Watch Patti Smith Share Wisdom About Death and Grieving

The rock icon talks about the importance of keeping the spirits of loved ones alive

Coping with the death of loved ones is part of the human experience. It’s unavoidable, and most people experience several periods of grieving throughout their lifetime. This fact of life is nothing new to rock legend and author Patti Smith, 70, who opened up about death to ABC (Australian Broadcasting Corporation) News’ current affairs program 7.30. In this much-watched video (more than 3 million views), Smith spoke about the universal understanding of loss in a poignant, comforting and accepting way.

“I have lost many people now in my life, and I know — because I’ve been through it so many times: friends, loved ones, my brother, my husband, my parents — that I know with each time that we are all going to have this moment,” she says.

Patti Smith Doesn’t Believe a Person Is Ever Gone

Smith’s close friend and former roommate, photographer Robert Mapplethorpe, died due to complications from HIV/AIDS in 1989. She detailed her relationship with him in her National Book Award-winning 2010 memoir Just Kids. But Smith doesn’t believe a person is ever completely gone.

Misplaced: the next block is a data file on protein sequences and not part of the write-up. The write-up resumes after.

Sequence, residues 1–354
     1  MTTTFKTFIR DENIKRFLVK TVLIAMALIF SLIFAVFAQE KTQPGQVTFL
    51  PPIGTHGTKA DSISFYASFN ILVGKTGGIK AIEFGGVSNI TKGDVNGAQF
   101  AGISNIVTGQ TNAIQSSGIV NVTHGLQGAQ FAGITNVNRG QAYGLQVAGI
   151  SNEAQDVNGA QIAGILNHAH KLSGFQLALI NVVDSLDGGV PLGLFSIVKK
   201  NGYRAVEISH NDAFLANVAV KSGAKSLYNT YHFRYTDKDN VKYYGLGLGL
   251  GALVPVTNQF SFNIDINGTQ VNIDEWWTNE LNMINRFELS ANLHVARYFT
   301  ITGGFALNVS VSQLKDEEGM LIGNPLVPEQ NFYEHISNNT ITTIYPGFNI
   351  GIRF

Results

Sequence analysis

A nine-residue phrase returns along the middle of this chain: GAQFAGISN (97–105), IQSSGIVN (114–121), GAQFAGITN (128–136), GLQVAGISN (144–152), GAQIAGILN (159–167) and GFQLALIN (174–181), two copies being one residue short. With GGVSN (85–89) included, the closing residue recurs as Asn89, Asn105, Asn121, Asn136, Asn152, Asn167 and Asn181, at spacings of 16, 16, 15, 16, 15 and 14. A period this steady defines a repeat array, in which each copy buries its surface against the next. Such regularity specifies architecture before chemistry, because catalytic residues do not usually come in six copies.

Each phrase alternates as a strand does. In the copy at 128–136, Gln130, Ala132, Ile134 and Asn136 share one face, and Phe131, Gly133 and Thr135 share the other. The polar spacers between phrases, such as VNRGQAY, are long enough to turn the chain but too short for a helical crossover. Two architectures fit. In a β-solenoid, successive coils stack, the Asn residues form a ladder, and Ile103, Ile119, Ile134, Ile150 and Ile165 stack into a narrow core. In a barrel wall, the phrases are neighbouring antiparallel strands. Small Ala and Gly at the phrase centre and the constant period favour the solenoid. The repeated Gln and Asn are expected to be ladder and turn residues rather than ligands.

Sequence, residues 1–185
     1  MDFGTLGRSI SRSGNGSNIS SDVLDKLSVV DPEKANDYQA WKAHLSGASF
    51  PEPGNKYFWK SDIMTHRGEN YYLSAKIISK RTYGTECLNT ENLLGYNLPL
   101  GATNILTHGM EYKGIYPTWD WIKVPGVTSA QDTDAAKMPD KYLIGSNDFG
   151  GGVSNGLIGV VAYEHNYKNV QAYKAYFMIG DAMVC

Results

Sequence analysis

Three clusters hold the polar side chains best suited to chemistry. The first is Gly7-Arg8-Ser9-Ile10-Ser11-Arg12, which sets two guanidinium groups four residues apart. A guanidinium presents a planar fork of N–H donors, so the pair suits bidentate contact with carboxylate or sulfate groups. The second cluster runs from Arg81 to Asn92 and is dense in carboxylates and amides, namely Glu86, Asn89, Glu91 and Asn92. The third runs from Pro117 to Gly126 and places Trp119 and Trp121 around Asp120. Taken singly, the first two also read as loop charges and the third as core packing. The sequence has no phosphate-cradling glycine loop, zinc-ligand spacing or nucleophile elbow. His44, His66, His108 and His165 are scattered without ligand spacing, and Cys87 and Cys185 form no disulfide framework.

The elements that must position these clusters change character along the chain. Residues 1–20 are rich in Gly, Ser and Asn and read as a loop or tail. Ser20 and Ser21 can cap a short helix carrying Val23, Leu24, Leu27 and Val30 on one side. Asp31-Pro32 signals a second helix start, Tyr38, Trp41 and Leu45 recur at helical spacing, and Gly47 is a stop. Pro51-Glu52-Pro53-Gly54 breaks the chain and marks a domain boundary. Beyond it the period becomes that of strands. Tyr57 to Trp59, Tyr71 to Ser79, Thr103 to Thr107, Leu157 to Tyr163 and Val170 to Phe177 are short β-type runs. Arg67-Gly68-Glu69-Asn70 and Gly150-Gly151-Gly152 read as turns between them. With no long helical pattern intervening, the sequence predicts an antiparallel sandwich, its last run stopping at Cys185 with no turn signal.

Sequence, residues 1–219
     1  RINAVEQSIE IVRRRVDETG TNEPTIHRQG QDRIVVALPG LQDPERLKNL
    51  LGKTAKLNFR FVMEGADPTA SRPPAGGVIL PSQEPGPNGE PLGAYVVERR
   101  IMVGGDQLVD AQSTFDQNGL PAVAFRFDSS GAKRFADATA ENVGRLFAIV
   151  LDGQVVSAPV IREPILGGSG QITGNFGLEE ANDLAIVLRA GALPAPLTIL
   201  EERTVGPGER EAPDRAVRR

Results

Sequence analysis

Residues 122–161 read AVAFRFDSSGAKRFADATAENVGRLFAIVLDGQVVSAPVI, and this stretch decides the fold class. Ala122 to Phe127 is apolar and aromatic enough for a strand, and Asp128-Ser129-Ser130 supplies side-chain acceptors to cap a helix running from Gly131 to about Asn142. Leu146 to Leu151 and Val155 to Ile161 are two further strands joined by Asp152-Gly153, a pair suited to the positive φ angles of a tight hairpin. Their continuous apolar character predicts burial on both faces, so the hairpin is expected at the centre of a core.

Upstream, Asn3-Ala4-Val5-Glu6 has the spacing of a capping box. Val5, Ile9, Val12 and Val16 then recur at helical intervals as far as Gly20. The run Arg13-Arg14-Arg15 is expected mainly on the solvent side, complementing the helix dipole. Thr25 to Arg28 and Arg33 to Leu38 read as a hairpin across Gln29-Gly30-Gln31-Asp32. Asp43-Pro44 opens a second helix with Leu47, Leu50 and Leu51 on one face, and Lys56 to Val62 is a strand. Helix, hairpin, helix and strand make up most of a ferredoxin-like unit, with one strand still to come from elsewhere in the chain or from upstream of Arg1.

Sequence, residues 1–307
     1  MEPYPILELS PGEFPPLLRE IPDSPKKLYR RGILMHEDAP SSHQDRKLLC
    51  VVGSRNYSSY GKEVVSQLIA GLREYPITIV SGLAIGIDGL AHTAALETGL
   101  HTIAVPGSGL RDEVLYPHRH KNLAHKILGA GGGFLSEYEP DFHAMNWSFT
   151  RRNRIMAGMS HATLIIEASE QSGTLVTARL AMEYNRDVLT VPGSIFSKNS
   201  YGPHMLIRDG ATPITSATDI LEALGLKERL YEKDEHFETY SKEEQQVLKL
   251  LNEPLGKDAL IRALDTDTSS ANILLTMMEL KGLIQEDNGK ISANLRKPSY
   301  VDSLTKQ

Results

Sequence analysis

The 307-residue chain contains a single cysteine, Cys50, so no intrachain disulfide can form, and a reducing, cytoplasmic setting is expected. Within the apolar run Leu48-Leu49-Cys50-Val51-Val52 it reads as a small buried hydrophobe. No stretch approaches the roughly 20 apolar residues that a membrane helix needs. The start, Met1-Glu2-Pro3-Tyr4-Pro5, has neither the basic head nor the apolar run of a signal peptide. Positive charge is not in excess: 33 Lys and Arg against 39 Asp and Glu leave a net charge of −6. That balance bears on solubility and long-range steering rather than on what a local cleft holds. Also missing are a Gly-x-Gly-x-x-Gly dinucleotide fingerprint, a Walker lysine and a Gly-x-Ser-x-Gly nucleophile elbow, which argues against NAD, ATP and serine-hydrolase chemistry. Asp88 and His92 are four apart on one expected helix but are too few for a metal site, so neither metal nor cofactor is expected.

Though Mapplethorpe died nearly three decades ago, Smith says in the video that the two still talk about art and the future. Smith’s late husband, guitarist Fred “Sonic” Smith, died in 1994 of a heart attack, and Patti Smith says she continues to feel his presence as well.

“[I talk with] my husband about our children, and I feel them within me. I’ll be walking alone, and — just all of a sudden — have such a warm feeling of my father with me or my brother. If we keep ourselves open, they will come,” Smith says.

No matter how many family members or friends you lose, dealing with death may never feel less heavy or taxing. But perhaps a mindset like Smith’s can make the processing and accepting stages feel more manageable.

“We just all have to pass through it, and I’ve just learned that all of these people that we lose — and this is what I mean by experience — they’re all within us,” Smith says. “They become part of our DNA. They become part of our blood.”

By Grace Birnstengel
Grace Birnstengel is a writer and editor for Next Avenue, currently leading an editorial initiative on age-friendly health care — what it means and how people can identify and access care that meets their unique needs. Her other areas of focus include LGBTQ issues, mental health, the arts and ageism. Grace holds a bachelor of arts in journalism and gender, women and sexuality studies from the University of Minnesota–Twin Cities. You can find her Next Avenue work here.

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